From NKAA, Notable Kentucky African Americans Database (main entry)

Fouse, Elizabeth Beatrice Cook

(born: 1869  -  died: October 22, 1952) 

Elizabeth B. Cook Fouse was an advocate for African American women's opportunities; a clubwoman on the local, state, and national levels; and an equal rights advocate. She was a member of the Zeta Phi Beta Sorority. She served as president of the Kentucky Federation of Colored Women and was founded the Phillis Wheatley YWCA in Lexington, KY.  

In 1944, Fouse was appointed by Governor Simeon Willis to serve on the Kentucky Commission for the Study of Negro Affairs. In 1945, when the Negro auxiliary branches were separated from the Kentucky Woman's Christian Temperance Union [KWCTU] and reorganized under the Kentucky Sojourner Truth Woman's Christian Temperance Union, Mrs. Fouse served as the president. For the last four years of her life, she served as chair of the scholarship division of the National Association of Colored Women. Lizzie Fouse traveled throughout the United States in her various roles and positions with the National Association of Colored Women.

Elizabeth Cook was born in Lancaster, KY, the daughter of Mary Kennedy and William Cook, a painter. The family lived with Louisa Kennedy, according to the 1870 U.S. Census (Ancestry). The 1880 U.S. Census has all four members of the family enumerated with the last name "Burnside." Elizabeth and Woodard's mother had remarried; her second husband was Pleasant Burnside, a painter. The family was still living in Lancaster.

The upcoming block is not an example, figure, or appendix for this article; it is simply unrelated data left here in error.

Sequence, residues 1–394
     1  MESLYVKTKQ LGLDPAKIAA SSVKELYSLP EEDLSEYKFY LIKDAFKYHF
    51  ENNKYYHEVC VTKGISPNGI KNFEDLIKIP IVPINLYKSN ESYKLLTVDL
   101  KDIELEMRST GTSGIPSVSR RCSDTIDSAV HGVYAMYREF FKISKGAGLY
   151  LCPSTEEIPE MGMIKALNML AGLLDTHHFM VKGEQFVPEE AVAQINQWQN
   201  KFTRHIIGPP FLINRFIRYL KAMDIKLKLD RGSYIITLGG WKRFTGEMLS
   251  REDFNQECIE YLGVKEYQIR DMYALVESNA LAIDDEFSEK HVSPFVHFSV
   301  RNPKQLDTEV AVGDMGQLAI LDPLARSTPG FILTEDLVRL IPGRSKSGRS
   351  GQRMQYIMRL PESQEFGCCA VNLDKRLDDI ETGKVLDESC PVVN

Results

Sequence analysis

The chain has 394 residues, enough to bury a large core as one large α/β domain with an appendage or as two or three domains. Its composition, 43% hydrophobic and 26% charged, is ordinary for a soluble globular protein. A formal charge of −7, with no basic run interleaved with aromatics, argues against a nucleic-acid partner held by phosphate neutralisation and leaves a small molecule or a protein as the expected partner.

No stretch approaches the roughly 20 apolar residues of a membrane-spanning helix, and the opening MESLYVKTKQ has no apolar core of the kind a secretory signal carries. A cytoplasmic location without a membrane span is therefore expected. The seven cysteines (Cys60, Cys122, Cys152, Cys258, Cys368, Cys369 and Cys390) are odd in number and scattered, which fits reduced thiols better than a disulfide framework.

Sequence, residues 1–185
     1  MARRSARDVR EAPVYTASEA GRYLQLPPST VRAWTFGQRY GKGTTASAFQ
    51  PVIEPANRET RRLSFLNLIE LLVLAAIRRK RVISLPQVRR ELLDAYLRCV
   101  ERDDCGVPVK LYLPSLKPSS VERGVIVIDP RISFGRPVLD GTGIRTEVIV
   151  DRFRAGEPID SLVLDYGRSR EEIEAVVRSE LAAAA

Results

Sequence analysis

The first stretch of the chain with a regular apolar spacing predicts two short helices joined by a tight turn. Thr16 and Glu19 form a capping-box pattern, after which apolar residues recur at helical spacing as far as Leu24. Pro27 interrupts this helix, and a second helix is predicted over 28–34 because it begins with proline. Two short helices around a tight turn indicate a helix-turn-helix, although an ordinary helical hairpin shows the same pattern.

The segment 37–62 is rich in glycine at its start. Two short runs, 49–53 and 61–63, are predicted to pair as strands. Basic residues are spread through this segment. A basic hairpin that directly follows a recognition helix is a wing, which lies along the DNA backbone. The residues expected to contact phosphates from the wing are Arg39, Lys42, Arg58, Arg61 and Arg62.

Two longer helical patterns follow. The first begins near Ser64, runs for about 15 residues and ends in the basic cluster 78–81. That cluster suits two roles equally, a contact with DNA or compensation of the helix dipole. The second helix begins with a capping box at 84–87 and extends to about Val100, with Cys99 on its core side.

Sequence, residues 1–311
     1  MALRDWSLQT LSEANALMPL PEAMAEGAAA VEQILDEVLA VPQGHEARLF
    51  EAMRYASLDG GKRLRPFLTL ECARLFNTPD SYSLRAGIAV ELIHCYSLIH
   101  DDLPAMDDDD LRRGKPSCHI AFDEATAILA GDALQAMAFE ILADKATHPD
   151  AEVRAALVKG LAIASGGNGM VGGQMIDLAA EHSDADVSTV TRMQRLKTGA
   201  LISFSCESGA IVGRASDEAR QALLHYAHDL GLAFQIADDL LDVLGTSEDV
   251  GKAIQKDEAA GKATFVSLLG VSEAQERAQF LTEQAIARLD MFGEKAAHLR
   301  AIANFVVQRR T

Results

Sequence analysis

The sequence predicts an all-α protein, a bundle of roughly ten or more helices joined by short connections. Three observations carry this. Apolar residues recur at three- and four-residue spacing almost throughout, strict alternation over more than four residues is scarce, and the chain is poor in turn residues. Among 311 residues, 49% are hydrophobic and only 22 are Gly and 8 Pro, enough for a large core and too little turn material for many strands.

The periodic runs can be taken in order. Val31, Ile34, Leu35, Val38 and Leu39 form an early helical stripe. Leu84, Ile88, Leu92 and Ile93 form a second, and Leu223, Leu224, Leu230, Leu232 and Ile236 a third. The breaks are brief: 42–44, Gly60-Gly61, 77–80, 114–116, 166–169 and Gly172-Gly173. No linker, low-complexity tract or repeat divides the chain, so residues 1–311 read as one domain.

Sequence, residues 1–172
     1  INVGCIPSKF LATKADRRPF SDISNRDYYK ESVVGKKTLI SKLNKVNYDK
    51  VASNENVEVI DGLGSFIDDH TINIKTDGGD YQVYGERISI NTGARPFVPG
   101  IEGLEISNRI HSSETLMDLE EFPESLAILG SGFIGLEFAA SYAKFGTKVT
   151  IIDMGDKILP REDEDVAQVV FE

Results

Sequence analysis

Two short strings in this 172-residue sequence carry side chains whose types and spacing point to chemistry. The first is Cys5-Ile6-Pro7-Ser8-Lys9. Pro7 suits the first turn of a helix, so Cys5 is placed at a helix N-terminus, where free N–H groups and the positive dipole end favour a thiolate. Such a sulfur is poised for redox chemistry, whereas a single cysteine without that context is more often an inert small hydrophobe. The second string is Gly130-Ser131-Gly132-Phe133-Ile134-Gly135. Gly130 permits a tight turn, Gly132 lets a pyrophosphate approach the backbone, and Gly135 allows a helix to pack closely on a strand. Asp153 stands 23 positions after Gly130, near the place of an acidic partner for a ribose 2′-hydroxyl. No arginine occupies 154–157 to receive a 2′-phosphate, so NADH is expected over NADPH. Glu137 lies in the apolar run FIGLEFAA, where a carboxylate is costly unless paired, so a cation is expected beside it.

Elizabeth Cook attended Simmons College in Louisville, KY and Eckstein Norton Institute in Cane Springs, KY, where she graduated in 1892. She was a teacher in Lexington, then married W. H. Fouse in 1898 and joined him as a schoolteacher in Corydon, IN. She was a member of the State Teachers Association in Indiana.

Her mother and brother Woodard Burnside were living in Lexington on East Short Street, her mother a widow, according to the 1900 U.S. Census. Elizabeth Fouse's mother and stepfather had been in Lexington as early as 1898 when Pleasant Burnside was still alive and working as a painter and paper hanger [source: Emerson and Dark's Lexington Directory (Illustrated), 1898-99, p. 359].

In 1908, William H. Fouse was named principal of the William Grant High School in Covington, KY. In 1913, the couple moved to Lexington, where William Fouse was principal of Russell School and later, Paul Laurence Dunbar School.

Elizabeth B. Cook Fouse died in 1952 and is buried in Cove Haven Cemetery in Lexington. 

For more see Jesus, Jobs, and Justice, by B. Collier-Thomas; Fouse Family Papers at the University of Kentucky Special Collections Research Center; "Colored women united temperance forces," The Lexington Herald, p. 4; "Mrs. Lizzie Fouse, Kentucky Negro Leader, is dead," The Courier-Journal (Louisville), 10/23/1952, p. 18; and "State Teachers Association Notes," American Baptist, 1/8/1904, p. 2.

*According to the 1870 U.S. Census, Elizabeth B. C. Fouse was born in 1869.

Kentucky County & Region

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Outside Kentucky Place Name

References

Cited in this Entry

NKAA Entry: Fouse, William Henry
NKAA Entry: Negro Woman's Christian Temperance Union in Kentucky [Sojourner Truth WCTU]
NKAA Source: Jesus, jobs, and justice : African American women and religion
NKAA Source: The Lexington herald (newspaper)
NKAA Source: The Kentucky clubwoman: the official organ of the Kentucky State Federation of Colored Women's Clubs. (newspaper/periodical)
NKAA Source: Ancestry (online)
NKAA Source: Emerson & Dark's Lexington directory ... together with ... a gazetteer of Fayette County ... (serial)

Related Entries Citing this Entry

NKAA Entry:  Fouse, William Henry

Cite This NKAA Entry:

“Fouse, Elizabeth Beatrice Cook,” Notable Kentucky African Americans Database, accessed June 27, 2022, https://ukscrc001.net/nkaa/items/show/1093.

Last modified: 2021-12-17 19:14:03